Term limits, Super PACS, and our billionaire governor

In a letter circulated last week, Secretary of State Al Jaeger definitively put to bed the ongoing saga over the petitions for the proposed initiated measure to add term limits to the North Dakota Constitution. The measure would have added term limits to the governor and the state Legislature, which currently have no limitations on terms of service. While sponsoring committee chairman Jared Hendrix decried the decision and claimed 82% of North Dakotans favored such a measure, the controversies and issues surrounding signatures ultimately doomed the measure from appearing on ballots this fall.

For another cycle, elected officials in North Dakota are safe and secure from their tenure being ended arbitrarily, assuming they are able to convince voters. Winning the support of the electorate will be an easy task for incumbent Republicans in this state to do, with the party platform of the opposition proving so odious in most districts that the Dem-NPL can’t even find anyone to run. The real danger to any Republican running for office in this state truly lies in one place, and that’s the governor’s pocketbook.

Governor Doug Burgum won in 2016 on the notion that the “Old Guard” in North Dakota politics needed to be shaken up. From the beginning of his tenure as governor, Burgum butted heads with former House Majority Leader Al Carlson, our legislature’s old political boss who infamously said western legislators needed to “sing for their supper” before he’d consider supporting their communities’ concerns. That was until his district in South Fargo surged blue in 2018, not that many of his colleagues wept to see him go. In hindsight, we’ve simply traded one entrenched power block for another.

After dropping millions of dollars of dark money into the 2020 election cycle, the former software executive has reportedly donated $935,000 to the Dakota Leadership PAC in anticipation of the 2022 midterms. This secretive committee is chaired by the governor’s former policy director and 2016 campaign worker Levi Bachmeier, and operates in such a way that its activities and spending are shielded from public scrutiny. While such PACs usually are a means for out of state money to influence elections and initiated measures, it’s quite another thing for a state’s governor to be such a generous political donor, especially when his targets are his own fellow Republicans.

Burgum’s massive infusion into the 2020 primaries was primarily directed at unseating antagonistic legislators and other assorted gadflies, who found themselves the targets of expensive negative advertising they couldn’t hope to contend with. Between the incessant mailings and omnipresent multimedia packages, several high-profile incumbents like House Appropriations Chairman Rep. Jeff Delzer were unseated by Burgum’s endorsed candidates. Naturally this direct foray into legislative races drove a wedge between the governor and the Legislature, but the real concern is the chilling effect it caused in the Capitol.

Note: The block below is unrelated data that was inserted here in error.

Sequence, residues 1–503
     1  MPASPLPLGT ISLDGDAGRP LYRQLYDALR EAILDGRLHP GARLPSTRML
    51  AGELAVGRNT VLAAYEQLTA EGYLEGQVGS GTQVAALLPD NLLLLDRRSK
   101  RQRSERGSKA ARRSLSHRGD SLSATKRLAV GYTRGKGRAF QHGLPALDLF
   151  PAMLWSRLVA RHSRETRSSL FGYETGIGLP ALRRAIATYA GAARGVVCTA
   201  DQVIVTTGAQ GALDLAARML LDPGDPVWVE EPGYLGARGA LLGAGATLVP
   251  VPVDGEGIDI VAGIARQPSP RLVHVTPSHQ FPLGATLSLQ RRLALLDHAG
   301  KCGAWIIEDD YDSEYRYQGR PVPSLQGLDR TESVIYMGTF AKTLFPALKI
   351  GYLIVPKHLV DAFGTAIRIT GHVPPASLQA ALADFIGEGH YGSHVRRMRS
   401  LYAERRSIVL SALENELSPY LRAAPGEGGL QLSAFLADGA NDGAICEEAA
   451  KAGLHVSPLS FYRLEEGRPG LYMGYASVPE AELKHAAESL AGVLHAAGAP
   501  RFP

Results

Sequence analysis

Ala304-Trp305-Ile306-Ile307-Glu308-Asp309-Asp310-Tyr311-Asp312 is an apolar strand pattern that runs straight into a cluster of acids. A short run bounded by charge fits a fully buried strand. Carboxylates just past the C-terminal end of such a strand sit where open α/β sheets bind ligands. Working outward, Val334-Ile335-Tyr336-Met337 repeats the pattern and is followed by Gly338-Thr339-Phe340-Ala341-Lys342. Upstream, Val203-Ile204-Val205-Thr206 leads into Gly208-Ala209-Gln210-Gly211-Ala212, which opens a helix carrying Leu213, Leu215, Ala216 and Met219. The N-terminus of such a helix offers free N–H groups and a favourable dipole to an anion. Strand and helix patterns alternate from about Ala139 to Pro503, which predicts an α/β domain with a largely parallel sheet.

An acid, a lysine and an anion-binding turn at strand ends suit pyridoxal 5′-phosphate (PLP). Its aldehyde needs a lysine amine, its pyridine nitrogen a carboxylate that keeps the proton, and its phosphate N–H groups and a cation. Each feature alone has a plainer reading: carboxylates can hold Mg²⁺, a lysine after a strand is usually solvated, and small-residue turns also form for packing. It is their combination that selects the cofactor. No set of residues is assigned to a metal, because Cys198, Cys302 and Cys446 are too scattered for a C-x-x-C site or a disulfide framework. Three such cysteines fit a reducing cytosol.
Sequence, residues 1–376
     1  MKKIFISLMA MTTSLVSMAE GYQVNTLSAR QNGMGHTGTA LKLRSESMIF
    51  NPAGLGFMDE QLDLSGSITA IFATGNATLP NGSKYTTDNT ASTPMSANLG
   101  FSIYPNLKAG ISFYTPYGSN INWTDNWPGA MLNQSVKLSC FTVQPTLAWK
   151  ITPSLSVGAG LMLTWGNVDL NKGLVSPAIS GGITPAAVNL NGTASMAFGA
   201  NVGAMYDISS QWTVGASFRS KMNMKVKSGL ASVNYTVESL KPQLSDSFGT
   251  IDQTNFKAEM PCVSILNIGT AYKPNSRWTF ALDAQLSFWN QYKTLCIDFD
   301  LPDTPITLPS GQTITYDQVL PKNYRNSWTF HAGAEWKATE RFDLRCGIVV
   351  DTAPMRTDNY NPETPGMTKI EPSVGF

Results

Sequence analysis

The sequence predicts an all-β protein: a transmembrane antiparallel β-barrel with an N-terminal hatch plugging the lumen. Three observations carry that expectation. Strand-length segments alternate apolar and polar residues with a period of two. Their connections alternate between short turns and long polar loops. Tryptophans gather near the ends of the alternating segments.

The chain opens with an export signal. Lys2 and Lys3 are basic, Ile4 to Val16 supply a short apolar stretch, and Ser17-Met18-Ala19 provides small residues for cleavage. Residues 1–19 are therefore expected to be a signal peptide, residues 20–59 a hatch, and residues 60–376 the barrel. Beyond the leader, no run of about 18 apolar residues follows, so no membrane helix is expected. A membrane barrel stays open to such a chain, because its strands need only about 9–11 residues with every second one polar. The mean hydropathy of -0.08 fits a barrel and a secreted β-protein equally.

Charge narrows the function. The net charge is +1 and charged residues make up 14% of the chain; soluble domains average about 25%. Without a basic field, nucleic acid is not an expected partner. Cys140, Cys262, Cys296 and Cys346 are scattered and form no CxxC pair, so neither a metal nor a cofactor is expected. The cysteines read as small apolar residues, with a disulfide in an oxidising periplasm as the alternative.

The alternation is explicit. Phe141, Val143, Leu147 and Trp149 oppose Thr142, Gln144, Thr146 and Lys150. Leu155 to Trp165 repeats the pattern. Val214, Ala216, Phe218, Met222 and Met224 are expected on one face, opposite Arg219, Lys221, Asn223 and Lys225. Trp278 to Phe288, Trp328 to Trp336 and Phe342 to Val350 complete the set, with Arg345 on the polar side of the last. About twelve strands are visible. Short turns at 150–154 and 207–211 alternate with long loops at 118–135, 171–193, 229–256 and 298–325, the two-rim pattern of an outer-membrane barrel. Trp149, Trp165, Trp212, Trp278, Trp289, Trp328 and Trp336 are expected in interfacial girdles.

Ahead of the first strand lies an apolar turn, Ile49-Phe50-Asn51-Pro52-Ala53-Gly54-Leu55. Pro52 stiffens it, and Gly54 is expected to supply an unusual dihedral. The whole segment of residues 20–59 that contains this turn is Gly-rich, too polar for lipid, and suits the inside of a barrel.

If the appeal of the doomed term limits measure was to prevent the entrenchment of raw political power, it seems almost quaint when set against the ability of our billionaire governor to determine the outcomes from within the state GOP itself with essentially no accountability or transparency. In fact, any attempt by legislators in the wake of the 2020 spending spree to constrain the governor or shine sunlight on how Dakota Leadership PAC is spending his money has only painted a target on their backs.

Last year, Rep. Jeff Magrum of Hazelton sponsored a bill that would have blocked the governor from endorsing or making political donations to legislative candidates. Magrum was the only Republican to survive the PAC’s 2020 onslaught, with the dollar amount spent in support of his Burgum-endorsed challenger hidden from public view. Magrum later withdrew the proposal, deferring to concerns from his fellow legislators that they might face retribution for supporting it.

“He’s got them all scared. So out of respect for my colleagues I pulled it. At this point I regret doing that.” Magrum told me in a phone call on Friday, May 20.

By all accounts, Magrum is correct, as his fellow lawmakers cower and fumble for excuses as the modern power elite of North Dakota exerts its influence over the state house unchecked and unabated. A second bill that would have made entities like Dakota Leadership PAC disclose which campaigns they supported or opposed with donations, was scuttled for dubious reasons related to the extra paperwork it would create. There is less opposition than self-preservation involved in derailing these bills than anything else, frozen in place lest they also fall under the gaze of the governor’s basilisk.

In an age where votes are secured by slick algorithm driven campaigns, no one wields more power than the individuals or entities paying for them. What can a candidate from a rural district with a micro fraction of the budget hope to do against influence campaigns funded from the overflow bursting from Scrooge McDuck’s money pool?

Sunlight can only disinfect if paired with transparency, and deliberately allowing an infection to be obscured will only poison our political process until it is too gangrenous to save. With a governor equipped and willing to cull any internal opposition, it seems North Dakota will just have to get used to the status quo of a political regime that will remain in power as long it wants to. Maybe term limits aren’t such a bad idea after all.


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